Just a few short months ago, I was reading an article titled “Why Would an Engineer-Turned-Mom Care so Deeply About Apologetics?” As soon as I saw the words “Mom” and “Apologetics” in the title, I knew I had to find out more about this Cathryn Buse lady. I immediately bought her book on kindle, and as I was reading it thought “Oh my gosh… It’s my mind-twin.” Cathryn’s book is laid out so systematically and logically, it could only have been written by an engineer. Having science-nerdishenss in common, I contacted her about her work, and the rest we can say is history!

Rebekah, Cathryn and I got to spend a whole weekend together recently at an apologetics conference I (Hillary) was speaking at. It was only fitting to record a podcast together, introducing the world to our newest Mama Bear! In this episode, we introduce you to the woman behind Teaching Others to Defend Christianity. We discuss the importance of apologetics for moms, and we give a recap on the apologetics conference that we attended. So come join Rebekah and me as we welcome Cathryn Buse to Mama Bear Apologetics!

People and resources mentioned:

Cathryn Buse – Teaching Others to Defend Christianity
Defending the Faith
Sean McDowell’s blogpost – Why Would an Engineer-Turned-Mom Care So Deeply about Apologetics?
Danielle Camorlinga – Picture Book Apologetics
Melissa Cain Travis – Young Defenders
William Lane Craig – What Is God Like?

Quotable quotes:

“The whole idea of apologetics is not necessarily to present different facts and evidences and argue different points. It’s to eventually get [people] to see the truth of Jesus Christ and the resurrection. The first step before you can explain repentance and forgiveness and reconciliation – you have to know that there is something you are repenting to, that you’re reconciling with. And so to me, the first step is, “How do we know that God exists?” But, of course, that doesn’t get you to Jesus Christ, because that too can be deism. Christianity is the only religion that offers that solution to our sin issue.” – Cathryn Buse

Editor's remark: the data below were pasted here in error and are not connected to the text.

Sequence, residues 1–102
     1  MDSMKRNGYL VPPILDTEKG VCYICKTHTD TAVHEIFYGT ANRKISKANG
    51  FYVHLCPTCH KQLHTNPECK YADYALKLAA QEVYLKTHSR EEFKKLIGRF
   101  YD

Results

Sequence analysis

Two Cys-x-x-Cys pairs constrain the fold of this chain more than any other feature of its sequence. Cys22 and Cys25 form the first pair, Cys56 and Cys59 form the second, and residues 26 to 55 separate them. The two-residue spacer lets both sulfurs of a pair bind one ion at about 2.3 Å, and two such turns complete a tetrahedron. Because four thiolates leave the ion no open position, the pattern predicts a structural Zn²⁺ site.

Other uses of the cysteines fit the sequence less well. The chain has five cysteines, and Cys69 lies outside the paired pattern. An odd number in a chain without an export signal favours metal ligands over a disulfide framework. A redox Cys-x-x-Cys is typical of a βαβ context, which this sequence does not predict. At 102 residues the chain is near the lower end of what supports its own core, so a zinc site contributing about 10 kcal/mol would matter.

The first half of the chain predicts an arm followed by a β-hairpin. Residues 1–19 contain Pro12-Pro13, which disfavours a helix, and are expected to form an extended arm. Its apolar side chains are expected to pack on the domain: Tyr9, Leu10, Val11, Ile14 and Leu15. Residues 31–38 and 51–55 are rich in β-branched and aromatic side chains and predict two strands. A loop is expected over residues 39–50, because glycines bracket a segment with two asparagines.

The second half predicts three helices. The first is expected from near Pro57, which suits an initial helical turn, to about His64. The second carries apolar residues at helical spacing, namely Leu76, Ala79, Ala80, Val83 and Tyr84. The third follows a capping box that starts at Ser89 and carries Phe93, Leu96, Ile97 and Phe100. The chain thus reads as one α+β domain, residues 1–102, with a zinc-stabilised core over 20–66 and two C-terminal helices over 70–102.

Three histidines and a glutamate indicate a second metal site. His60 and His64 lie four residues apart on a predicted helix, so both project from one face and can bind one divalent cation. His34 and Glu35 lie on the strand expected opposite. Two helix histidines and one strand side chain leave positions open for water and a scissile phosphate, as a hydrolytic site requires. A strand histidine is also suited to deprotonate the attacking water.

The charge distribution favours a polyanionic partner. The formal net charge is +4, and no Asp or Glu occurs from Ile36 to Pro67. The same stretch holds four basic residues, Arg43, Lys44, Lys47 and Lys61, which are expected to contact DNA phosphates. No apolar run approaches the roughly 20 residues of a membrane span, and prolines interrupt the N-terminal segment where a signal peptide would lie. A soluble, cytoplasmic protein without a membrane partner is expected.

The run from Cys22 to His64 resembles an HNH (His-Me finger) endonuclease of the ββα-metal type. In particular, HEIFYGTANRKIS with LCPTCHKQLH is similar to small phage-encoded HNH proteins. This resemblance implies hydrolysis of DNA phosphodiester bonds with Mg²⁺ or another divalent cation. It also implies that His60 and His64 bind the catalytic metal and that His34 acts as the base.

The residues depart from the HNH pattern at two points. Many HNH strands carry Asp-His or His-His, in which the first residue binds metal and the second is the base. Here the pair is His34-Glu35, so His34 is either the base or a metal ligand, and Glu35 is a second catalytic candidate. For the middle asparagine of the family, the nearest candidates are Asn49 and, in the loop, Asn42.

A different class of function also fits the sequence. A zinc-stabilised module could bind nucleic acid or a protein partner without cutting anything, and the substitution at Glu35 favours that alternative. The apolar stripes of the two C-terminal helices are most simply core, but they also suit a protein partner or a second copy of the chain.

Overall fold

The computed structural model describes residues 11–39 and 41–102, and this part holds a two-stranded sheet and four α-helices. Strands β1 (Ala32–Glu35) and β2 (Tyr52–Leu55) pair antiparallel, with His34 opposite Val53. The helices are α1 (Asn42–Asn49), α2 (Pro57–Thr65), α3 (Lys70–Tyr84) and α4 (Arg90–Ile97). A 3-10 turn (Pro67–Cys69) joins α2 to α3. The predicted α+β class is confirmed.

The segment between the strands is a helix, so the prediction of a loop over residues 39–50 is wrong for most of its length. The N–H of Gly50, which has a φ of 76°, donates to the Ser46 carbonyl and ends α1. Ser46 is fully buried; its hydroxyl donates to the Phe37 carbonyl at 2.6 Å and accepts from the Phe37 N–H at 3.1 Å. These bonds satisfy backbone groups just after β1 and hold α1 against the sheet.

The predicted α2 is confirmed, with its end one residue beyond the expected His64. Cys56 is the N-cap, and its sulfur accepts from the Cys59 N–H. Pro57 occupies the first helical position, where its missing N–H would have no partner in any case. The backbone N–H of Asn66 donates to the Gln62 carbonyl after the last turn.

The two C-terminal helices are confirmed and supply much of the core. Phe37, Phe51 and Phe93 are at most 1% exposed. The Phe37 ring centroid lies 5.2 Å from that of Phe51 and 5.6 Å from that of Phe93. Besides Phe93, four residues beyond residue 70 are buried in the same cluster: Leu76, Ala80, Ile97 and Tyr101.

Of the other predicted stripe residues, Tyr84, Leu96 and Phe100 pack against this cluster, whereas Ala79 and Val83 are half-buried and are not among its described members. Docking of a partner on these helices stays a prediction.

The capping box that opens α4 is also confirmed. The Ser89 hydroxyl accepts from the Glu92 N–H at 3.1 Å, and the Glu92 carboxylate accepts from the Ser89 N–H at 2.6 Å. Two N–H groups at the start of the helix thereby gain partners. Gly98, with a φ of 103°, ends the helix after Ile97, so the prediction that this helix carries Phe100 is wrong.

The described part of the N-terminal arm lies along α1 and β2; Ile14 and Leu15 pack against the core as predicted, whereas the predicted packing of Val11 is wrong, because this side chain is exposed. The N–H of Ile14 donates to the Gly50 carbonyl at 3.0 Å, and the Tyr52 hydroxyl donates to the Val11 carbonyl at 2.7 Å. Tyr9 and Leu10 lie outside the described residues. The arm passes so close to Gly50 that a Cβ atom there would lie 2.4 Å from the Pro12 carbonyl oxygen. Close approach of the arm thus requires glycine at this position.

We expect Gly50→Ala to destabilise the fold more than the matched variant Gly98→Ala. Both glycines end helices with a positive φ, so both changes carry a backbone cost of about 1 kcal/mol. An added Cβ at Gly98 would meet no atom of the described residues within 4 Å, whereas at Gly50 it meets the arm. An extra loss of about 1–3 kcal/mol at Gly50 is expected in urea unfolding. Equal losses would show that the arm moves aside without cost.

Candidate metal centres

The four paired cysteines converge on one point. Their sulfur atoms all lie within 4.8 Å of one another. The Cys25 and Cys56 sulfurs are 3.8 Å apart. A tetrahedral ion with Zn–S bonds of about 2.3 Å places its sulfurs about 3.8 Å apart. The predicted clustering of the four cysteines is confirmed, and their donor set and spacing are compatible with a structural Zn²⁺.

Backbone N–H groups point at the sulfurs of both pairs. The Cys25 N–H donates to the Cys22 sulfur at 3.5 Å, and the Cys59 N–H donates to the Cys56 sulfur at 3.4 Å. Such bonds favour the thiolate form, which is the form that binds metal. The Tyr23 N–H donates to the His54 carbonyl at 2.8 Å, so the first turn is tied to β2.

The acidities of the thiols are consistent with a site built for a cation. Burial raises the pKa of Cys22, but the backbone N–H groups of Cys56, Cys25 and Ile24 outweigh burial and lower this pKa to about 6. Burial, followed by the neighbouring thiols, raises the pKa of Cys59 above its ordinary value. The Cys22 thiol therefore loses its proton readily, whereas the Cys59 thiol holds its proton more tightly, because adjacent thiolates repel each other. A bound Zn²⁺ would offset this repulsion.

“It was not just an academic exercise for me. I was in the trenches with my faith fully being tested. I became a Christian at a young age and grew up in a very strong, Biblical, doctrine-teaching church. But when I got into that scientific degree program, going through engineering with my bachelor’s and my master’s, then I started getting those questions. … I needed to understand, but not just for my own faith. . . How do I then articulate [this faith] to my friends that question it? To my classmates and my work colleagues?” – Cathryn Buse

“It was driven out of necessity, and then desire for merging my intellectual side with my love of the faith so those two passions could come together and fully coexist. You can’t always trust your heart. We’re told to continually test things, because you have to verify what you have in your heart and what you’re feeling about something. Is that Scriptural? Is that from the Holy Spirit and not the spirit of this world? That does require engaging your thought process.” – Cathryn Buse

“We don’t even necessarily have to have the answer for everything. Even if we don’t explain it perfectly, what our kids need is to have a history of, “When I have questions, there are answers available.” . . .  then in the future, even if [they]  encounter a question that [they] don’t have the answer to, [they] can say, “From past experience, these tough questions usually have even tougher answers. So, even if I can’t get this one figured out, I’m going to trust [that there are answers], because that’s what my past experience has taught me.” However, if their past experience has just been, “Have more faith,” and that is their only experience, then what do they do when they reach those tough questions in college? They’re going to say, “These ones probably don’t have answers either, so why should I even look for them?” or “These other people over here, they seem to have the answers. So maybe I’m going to start listening to them, because they’ll actually talk to me about this stuff.’” – Hillary Morgan Ferrer


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